One of the beauties of womanhood and culture is that there is a natural desire to protect it. There is a feminine way of being a protector. In fact, creating a form of defense for the sacred circle of womanhood can be as natural as the very essence of woman, itself. There are numerous women who perform the role of the spiritual warrior. Sometimes, there are women who perform such a character, through the performing arts. Whether that be on film, or on the theater stage, these women remind us of the world of femininity, and its domain of security-emotiomal and mental. The ability to repel forces, which are not life-sustaining or nurturing to our womanhood is key!
Every culture has their symbol of spiritual warriors. There are a number of people who are part of that world. That sacred realm of protection, and the protection of children, within those gardens. Black America’s gardens are no exception to that very rule. In fact, the Soulful 70’s was one of the most profound and vivacious times for Black American womanhood, and the art of repelling negative energy. When you think of that image-that Sista’ girl, Soulphyllic, funkadelic Soulful vibe, what feminine image comes to mind? Take a guess, a VERY WILD GUESS! If the name, PAM GRIER, has entered your head, then you have guessed right!
She was FIERCE! She was FIRE! Complementing with her power was her feminine charm, beauty, and mystique! Forget about the notion of the helpless, peaceful, and quiet Black American girl, who doesn’t fight back. In this case, Pam Grier was the live-action Superhero, that every Black American woman wanted to be, and secretly still, desires to be. What made Pam Grier so mystical and nourishing to our people, to our women folk, is that she laid in her femininity, while doing a lot of the grunt work. Her natural FRO’ illuminated one of the signature styles of Black America’s culture. Of course, there are those beautiful images of her being highlighted in nature’s delight; capturing herself in the garden.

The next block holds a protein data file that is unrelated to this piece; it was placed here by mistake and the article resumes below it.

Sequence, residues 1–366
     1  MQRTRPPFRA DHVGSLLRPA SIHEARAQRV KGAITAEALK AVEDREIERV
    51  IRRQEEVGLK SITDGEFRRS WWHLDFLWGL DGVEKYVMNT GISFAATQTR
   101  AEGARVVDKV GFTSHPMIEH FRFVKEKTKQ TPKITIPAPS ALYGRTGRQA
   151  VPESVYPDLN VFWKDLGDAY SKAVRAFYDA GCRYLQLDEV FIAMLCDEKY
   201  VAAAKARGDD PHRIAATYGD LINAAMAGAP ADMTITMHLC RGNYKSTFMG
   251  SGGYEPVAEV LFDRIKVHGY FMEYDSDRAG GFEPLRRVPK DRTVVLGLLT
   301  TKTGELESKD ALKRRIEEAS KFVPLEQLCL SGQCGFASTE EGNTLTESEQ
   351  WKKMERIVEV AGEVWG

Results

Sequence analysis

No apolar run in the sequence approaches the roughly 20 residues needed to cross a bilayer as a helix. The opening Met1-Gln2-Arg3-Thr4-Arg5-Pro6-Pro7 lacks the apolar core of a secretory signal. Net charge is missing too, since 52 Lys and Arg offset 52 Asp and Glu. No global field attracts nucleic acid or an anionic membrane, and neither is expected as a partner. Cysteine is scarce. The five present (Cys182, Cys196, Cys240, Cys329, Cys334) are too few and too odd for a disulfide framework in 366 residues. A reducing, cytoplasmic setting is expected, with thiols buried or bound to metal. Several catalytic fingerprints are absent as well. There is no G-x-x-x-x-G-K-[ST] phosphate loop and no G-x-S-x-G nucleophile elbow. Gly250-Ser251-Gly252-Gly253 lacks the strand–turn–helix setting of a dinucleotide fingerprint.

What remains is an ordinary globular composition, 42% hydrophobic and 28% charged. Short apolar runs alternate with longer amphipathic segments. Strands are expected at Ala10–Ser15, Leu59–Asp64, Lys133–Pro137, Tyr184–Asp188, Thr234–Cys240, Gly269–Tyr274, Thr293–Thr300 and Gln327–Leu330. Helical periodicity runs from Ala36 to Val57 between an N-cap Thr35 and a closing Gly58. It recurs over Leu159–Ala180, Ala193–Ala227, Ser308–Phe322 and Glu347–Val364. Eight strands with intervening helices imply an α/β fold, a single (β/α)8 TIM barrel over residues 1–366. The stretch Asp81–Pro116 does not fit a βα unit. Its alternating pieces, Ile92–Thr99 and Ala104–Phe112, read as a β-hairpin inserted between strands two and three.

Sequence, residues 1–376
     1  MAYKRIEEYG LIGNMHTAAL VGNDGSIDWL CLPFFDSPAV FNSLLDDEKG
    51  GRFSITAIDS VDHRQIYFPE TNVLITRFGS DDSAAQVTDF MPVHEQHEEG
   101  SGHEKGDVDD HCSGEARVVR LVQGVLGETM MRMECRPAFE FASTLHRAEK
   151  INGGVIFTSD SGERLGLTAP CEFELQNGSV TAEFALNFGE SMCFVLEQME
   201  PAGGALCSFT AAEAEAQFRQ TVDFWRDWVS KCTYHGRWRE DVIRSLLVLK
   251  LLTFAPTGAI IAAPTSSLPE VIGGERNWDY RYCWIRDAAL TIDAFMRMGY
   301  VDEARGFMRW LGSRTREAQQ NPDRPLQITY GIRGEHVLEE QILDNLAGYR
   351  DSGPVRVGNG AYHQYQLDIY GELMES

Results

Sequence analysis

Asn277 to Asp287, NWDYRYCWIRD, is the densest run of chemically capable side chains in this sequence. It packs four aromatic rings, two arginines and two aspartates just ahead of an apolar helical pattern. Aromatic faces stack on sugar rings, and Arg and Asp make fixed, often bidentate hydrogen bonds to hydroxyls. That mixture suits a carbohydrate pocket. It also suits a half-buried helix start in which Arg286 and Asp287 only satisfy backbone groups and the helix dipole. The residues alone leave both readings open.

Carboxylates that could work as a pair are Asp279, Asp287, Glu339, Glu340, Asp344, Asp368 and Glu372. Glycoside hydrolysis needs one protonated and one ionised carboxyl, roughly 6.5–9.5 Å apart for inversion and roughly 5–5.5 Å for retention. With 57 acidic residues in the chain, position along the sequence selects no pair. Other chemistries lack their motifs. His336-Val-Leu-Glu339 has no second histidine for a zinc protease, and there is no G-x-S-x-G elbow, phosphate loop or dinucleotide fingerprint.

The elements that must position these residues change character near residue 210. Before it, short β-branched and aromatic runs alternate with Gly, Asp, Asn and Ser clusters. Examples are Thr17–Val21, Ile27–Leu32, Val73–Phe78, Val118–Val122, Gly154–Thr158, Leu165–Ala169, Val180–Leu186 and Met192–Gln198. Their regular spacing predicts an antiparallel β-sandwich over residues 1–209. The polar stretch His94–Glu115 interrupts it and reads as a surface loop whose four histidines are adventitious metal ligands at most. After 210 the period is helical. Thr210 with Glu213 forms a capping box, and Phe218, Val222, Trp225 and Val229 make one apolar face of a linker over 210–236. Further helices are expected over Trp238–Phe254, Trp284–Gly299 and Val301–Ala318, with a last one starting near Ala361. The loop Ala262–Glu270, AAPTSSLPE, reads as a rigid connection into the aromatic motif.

In watching many of her films, she was natural. There was a natural glow in her mystique. During her fight scenes, and noted characters such as Foxy Brown, there was always a naturalness to her vibe. She was Earthly. She was real. People vibed and connected to her nature and every move. On an even greater note, she related to the people. Her people, in fact. Social issues of the time were place on the table. Creatively, they were placed on the table for all to see. It was beautiful and nourishing. Not to mention entertaining and adventurous.
In Black America’s gardens, Pam Grier is our spiritual warrior. From the characters she chose to the way she performed them. There was often a sacred and secure aura about Pam Grier. In her world, Black American women were safe and protected. We were vocal and protected within our communities. The beautiful thing about it is, that fighting back didn’t equate to losing our feminine essence. On the contrary, her high action-kicked roles affirmed that Black American women were active within our communities; safeguarding the feminine role, while ensuring that she was still as vigilant, as ever.
Another important feature of spiritual warriors is that in protecting others, they are able to showcase their own vulnerabilities. Many lessons are to be learned from this. Such was very essential for Black American women, during that period, as it erased notions of the “strong, Black woman.” In her notable character of Foxy Brown, Pam Grier exhibited a level of strength, while also reflecting a softness to her femininity. Expressing her character’s pain is one of the highlights of that 1970’s era. Being unapologetically honest about that pain was crucial in the most authentic capturing of Black American womanhood.